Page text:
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There are many reasons to love tattoo conventions, and one of my favourites is the chance to talk to and understand tattoo artists. In this case, we are talking about one of seniors of the business. One who has seen tattooing fight many prejudices, and reach its current state, and has witnessed at commercial tattooing’s epicenter of the world. Matthew Wojciechowski, of Tattoo Paradise, Washington DC, USA. Matthew is now one of the regular attendees of the famed Nepal Tattoo Convention, and was here for the 2017 edition as well.

“Few years back, I had crossed paths with Mohan (Gurung) and Bijay (Shestha) at a tattoo convention in my hometown, Washington DC. It is then that they introduced me to the awesome Nepal Tattoo Convention, their baby. And for me, it was like my eyes were opened to a whole new Pandora’s Box.

This is my third year in Nepal, and when I came here the first time, their tattooing was fantastic, and since then it has just blown through the roof. There is a vibrant culture of tattoos here, and of course, the streets are filled with tattoo shops. Of course, the general crowd isn’t that great, but the top level here is as good as it gets.”

Matthew with Mohan Gurung

While Matthew’s tryst with tattoos in Nepal is a recent ball game, his tattooing journey is actually older than my age. Growing up in Houston, Texas, Matthew used to sketch and draw quite a bit, when once a famous artist from the region saw his sketches and invited Matthew to do an apprenticeship with him. Back in 1990, that was a huge opportunity for anybody who was interested in the art form. So technically, Matthew has now been tattooing for close to three decades, and 27 years to be exact.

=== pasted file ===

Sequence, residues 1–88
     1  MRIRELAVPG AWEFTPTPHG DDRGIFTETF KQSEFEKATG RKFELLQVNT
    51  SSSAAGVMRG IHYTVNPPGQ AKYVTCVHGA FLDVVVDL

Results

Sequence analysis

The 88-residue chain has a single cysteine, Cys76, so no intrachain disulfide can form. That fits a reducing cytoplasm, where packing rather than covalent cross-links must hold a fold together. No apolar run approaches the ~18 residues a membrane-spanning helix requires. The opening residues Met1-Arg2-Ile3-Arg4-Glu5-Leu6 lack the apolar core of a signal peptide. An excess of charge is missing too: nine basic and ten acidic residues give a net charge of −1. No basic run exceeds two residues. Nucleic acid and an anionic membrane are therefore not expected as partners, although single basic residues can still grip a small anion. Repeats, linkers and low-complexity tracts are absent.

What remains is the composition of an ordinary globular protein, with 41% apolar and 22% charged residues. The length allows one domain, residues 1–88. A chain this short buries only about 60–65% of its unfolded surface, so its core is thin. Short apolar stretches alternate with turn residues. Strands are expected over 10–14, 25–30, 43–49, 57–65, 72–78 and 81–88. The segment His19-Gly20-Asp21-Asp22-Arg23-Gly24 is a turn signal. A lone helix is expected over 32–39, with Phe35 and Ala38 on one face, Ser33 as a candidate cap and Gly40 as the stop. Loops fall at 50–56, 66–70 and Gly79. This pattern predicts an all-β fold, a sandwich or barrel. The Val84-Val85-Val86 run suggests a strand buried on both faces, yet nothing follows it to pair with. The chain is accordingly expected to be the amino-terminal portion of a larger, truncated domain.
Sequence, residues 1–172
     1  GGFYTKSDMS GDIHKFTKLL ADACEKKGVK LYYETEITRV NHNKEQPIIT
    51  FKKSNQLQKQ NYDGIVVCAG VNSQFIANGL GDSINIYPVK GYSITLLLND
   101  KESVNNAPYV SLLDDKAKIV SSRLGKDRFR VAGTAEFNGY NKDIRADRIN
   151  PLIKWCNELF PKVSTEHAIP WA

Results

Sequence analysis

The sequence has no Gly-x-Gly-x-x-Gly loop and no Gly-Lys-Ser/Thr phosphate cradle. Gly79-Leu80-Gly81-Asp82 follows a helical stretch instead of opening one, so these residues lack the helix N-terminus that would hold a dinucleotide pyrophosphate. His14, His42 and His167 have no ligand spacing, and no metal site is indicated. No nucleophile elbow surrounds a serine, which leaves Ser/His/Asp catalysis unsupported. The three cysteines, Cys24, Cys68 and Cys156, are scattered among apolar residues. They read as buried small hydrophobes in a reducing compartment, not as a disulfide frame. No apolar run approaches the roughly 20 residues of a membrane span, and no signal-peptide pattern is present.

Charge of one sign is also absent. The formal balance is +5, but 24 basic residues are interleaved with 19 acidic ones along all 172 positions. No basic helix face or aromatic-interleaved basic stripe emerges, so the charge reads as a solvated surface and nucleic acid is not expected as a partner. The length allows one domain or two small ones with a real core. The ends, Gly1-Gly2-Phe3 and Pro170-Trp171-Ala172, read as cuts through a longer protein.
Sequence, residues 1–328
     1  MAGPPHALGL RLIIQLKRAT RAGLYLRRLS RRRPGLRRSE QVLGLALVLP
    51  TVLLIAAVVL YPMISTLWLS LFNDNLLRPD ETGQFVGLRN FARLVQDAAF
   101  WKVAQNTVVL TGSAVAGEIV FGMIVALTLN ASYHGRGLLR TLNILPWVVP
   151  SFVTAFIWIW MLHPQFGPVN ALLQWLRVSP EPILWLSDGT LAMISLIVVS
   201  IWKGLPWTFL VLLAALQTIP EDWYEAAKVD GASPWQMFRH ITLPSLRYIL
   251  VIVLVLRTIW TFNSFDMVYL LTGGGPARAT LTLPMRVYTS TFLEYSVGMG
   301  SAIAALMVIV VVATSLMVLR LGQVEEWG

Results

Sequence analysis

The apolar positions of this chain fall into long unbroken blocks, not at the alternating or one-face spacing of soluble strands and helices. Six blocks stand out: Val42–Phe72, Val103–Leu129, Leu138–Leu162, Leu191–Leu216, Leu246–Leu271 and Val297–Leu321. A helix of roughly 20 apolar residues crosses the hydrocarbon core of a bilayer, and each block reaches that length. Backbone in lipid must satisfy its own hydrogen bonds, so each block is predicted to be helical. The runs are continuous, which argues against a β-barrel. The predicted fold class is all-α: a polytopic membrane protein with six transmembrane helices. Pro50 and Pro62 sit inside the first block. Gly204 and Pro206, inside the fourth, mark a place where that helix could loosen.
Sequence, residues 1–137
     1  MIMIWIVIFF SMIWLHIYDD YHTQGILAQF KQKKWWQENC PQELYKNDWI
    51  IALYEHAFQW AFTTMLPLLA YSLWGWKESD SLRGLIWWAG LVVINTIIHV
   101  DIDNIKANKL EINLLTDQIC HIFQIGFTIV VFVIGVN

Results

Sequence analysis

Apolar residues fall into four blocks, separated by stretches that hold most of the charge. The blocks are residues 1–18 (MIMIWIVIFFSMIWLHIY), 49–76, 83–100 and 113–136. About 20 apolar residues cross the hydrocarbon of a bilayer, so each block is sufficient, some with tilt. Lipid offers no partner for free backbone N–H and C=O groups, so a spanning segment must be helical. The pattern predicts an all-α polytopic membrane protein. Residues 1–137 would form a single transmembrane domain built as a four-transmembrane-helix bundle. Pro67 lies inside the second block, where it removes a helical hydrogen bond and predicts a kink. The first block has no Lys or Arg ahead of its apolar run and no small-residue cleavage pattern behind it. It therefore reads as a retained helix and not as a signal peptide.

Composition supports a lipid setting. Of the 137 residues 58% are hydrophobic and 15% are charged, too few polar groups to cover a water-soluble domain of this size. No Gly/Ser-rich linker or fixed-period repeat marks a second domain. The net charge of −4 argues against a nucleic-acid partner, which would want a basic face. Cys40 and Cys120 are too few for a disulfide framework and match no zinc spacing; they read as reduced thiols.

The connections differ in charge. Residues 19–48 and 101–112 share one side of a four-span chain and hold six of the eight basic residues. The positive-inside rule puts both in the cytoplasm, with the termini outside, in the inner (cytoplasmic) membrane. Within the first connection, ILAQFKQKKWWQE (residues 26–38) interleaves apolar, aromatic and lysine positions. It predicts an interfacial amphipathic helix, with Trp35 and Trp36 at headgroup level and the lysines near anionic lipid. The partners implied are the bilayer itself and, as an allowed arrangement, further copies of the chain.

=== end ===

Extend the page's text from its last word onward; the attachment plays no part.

In these 27 years, a lot has changed in tattooing, and as someone who has been witness to all of it, it was intriguing to know what Matthew thinks was the biggest game changer for tattooing. “If you notice, it was in the 90s that tattooing became more of an art form than just markings on the body. Before that, it was practiced majorly by bikers and all forms of outlaws, but came the 90s, and the scene changed. Suddenly, people with drawing abilities took up tattooing as their choice of profession. It is then that we witnessed the burst of different styles and forms.” And, it’ll be fair to say that I completely agree with Matthew, because if you notice tattooing today as well, the primary differentiator and characteristic for the art form is the fact that it is now a full-fledged art form. Different artists from different parts of the world hold different values with tattooing now.

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Matthew is an ol’ school tattooer, who learnt tattooing before the digital age embarked upon us, and for him, tattooing is a craft, and he believes that people who call themselves tattoo artists are being ‘too arrogant’. “If you were to find an analogy for tattooing, you are most likely to find it in works of skilled labour such as metal work, or sculpting. I believe tattooing too is skilled craftsmanship. Of course, the designing part is art, but once my design is ready, I am back to being a craftsman.”